Traction Control vs. Stability Control Systems: What Is the Difference?

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Source: Motor Trend posted this piece by Engineering Editor Frank Markus presenting a comparison, including historical perspective, between traction control and stability control systems, both today utilizing brake-system electronics to function. Here is an excerpt of the story which can be viewed in its entirety by clicking HERE.

The difference between traction control and stability control is like the difference between a GED and a master’s degree or PhD in vehicle safety. Stability control is just traction control with more vehicular education (computer programming) and better tools (a more powerful processor and more electronic sensors).

Clearly the anti-lock brake system, or ABS as we now know it, came first—on the 1971 Imperial. That same year, the Buick Riviera introduced MaxTrac, a primitive traction control system with no brake intervention, which instead compared transmission output speed with front wheel speed to detect spin and cut engine spark until the front and rear wheel speeds equalized. With no way to reduce fuel flowing through the carburetor, this reportedly led to some impressive backfires.

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Stability control sort of debuted on the 1990 Japan-market Mitsubishi Diamante, variously referred to as active trace and traction control, then Active Skid and Traction Control (ASTC), but America’s first taste of a system like the ones we know today arrived with help from Bosch on the 1995 Mercedes-Benz S600 coupe. Let’s examine and compare the systems as they exist today.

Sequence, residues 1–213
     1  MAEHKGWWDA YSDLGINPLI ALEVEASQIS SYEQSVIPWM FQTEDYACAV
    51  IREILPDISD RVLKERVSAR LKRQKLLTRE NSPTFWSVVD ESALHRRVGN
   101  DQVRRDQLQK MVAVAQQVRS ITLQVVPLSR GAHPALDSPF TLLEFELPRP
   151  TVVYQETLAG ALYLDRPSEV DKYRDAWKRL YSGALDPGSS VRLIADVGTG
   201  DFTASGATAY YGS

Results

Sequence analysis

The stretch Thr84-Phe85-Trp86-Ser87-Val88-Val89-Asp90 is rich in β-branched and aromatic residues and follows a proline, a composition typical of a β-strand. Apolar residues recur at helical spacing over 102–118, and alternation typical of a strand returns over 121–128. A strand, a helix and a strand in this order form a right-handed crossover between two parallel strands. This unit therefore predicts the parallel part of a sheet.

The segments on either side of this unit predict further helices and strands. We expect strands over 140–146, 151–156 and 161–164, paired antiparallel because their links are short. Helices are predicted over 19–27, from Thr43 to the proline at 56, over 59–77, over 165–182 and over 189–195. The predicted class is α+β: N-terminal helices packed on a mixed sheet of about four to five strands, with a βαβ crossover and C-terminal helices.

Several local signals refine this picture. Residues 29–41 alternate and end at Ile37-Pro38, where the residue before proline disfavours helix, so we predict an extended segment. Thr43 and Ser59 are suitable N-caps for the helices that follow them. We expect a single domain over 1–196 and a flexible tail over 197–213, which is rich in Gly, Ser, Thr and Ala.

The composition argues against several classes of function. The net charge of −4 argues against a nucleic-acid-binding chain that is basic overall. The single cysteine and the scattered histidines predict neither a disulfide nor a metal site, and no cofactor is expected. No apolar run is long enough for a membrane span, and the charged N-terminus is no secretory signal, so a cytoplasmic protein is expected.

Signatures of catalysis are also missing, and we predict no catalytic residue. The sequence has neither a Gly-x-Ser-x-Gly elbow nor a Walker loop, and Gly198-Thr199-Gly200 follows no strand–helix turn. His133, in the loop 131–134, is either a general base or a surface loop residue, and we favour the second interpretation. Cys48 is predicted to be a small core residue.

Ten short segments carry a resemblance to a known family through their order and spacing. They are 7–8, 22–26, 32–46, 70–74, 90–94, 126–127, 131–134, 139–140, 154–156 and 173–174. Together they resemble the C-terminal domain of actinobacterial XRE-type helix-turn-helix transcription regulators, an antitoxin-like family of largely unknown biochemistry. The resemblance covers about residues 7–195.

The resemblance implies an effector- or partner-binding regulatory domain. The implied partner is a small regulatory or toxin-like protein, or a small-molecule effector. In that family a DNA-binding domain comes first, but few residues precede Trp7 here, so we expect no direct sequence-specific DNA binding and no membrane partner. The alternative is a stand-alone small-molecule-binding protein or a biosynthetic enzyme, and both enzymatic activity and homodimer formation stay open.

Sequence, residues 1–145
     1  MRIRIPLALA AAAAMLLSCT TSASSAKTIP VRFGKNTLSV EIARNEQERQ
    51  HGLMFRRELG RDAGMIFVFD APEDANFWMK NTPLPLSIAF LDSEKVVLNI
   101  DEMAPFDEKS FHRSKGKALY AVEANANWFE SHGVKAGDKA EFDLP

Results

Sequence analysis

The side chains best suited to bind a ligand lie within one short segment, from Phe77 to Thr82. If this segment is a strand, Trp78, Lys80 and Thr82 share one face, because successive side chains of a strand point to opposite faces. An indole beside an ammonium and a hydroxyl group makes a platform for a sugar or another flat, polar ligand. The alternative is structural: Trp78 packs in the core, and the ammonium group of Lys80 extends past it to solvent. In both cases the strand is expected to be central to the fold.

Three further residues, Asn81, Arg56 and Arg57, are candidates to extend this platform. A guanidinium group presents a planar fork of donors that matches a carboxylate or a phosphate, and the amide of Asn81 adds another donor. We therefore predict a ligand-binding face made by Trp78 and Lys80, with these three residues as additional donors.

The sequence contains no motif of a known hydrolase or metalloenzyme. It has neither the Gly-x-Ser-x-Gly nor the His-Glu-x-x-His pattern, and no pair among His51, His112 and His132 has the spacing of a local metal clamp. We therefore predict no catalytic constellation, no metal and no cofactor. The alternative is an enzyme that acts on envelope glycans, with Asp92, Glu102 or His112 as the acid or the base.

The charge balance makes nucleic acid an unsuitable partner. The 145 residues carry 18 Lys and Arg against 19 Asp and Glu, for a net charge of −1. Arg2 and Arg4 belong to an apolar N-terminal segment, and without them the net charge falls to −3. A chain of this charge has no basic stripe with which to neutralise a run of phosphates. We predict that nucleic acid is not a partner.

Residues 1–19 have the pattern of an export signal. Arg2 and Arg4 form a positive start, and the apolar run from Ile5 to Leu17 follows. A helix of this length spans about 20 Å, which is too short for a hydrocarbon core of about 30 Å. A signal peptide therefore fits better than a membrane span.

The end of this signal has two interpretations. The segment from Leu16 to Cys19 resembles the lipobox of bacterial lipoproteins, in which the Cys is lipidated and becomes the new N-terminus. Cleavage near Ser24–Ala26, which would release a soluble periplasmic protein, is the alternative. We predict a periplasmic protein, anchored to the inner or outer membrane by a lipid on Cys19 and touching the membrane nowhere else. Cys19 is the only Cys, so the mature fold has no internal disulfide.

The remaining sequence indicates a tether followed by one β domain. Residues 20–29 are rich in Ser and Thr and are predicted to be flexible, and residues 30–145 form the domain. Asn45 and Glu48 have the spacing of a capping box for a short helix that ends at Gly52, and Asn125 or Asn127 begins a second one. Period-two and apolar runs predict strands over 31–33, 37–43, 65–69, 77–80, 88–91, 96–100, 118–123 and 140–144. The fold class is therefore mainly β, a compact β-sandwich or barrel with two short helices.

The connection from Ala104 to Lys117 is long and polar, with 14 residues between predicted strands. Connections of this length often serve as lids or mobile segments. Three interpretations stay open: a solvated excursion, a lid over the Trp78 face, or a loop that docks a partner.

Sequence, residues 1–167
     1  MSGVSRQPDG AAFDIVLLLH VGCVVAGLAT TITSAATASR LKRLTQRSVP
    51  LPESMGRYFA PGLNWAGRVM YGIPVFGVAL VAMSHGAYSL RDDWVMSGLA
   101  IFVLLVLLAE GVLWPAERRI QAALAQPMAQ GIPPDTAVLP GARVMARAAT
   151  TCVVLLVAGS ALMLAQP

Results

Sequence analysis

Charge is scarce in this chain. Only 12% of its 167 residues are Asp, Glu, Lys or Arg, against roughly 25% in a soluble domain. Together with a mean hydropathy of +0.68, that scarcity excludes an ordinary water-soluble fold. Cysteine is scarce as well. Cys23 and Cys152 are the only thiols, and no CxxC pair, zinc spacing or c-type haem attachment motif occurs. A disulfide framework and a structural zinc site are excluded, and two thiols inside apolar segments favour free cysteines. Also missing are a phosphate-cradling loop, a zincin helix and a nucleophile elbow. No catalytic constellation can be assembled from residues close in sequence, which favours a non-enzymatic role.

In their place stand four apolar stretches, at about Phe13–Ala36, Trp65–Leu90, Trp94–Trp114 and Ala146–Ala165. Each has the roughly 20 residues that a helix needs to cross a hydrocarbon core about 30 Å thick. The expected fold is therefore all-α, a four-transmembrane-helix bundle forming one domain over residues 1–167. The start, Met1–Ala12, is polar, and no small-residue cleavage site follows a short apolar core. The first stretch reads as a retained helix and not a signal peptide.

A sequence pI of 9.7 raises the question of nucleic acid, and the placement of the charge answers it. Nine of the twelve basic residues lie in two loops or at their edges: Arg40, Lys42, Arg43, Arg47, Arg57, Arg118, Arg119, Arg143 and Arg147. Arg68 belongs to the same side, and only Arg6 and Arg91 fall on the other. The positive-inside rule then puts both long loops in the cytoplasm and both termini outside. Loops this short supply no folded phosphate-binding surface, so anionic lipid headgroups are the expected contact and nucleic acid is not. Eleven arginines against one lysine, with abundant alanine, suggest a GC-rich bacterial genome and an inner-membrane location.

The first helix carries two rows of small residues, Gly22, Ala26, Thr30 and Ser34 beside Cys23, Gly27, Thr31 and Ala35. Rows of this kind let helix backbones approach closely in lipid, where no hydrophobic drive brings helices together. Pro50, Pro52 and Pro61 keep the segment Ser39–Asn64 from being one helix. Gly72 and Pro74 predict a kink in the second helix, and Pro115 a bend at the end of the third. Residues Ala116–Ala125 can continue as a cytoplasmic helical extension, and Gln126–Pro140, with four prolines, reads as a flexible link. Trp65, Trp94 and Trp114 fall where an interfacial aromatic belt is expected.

What Is Traction Control?

This active safety feature was engineered to allow vehicles to make optimal use of the accelerative traction available on any given surface by measuring wheelspin, and then controlling it by using the anti-lock-braking system’s hydraulic solenoids to apply braking pressure and/or by employing the engine’s electronic throttle, fuel, or spark controls to trim power and slow a spinning wheel. These systems frequently offer the option of being switched off. The button to do this might be marked TC, TCL, or with an icon depicting the rear of a car above two backwards-S-shaped burnout marks. If your vehicle is equipped with both traction and stability control, they will almost certainly be controlled by the same button, which may then be labeled ESC, VSC, or with the icon. For a complete list of traction and stability control acronyms, scroll to the bottom of this article.

What Is Stability Control?

Modern stability control systems leverage all the hardware required by the traction control and anti-lock brake systems (a brake-pedal application sensor and wheel speed sensors at every wheel, plus a hydraulic valve body able to relieve or add pressure to the brake circuit for each wheel independently) and adds several new sensors. A steering wheel position sensor joins the brake and accelerator-pedal sensors to inform the system of the driver’s intended path and speed. A yaw sensor measures how much the vehicle is rotating around its vertical axis (what you experience as a skid or spin), and a three-axis accelerometer module detects both lateral and longitudinal acceleration, as well as any angular slope the vehicle is driving on. Consulting all these sensors, a more powerful computer then compares the vehicle’s actual motion with the driver’s intention. If the two don’t match, the system applies individual wheel brakes (as well as engine controls, if necessary) to bring the vehicle’s path into alignment with the driver’s intention. Note that because stability control became mandatory in the U.S. in 2012, all new passenger vehicles are equipped with the holy trinity of driver-assist systems: ABS, traction, and stability control.

The entire post can be viewed by clicking HERE.

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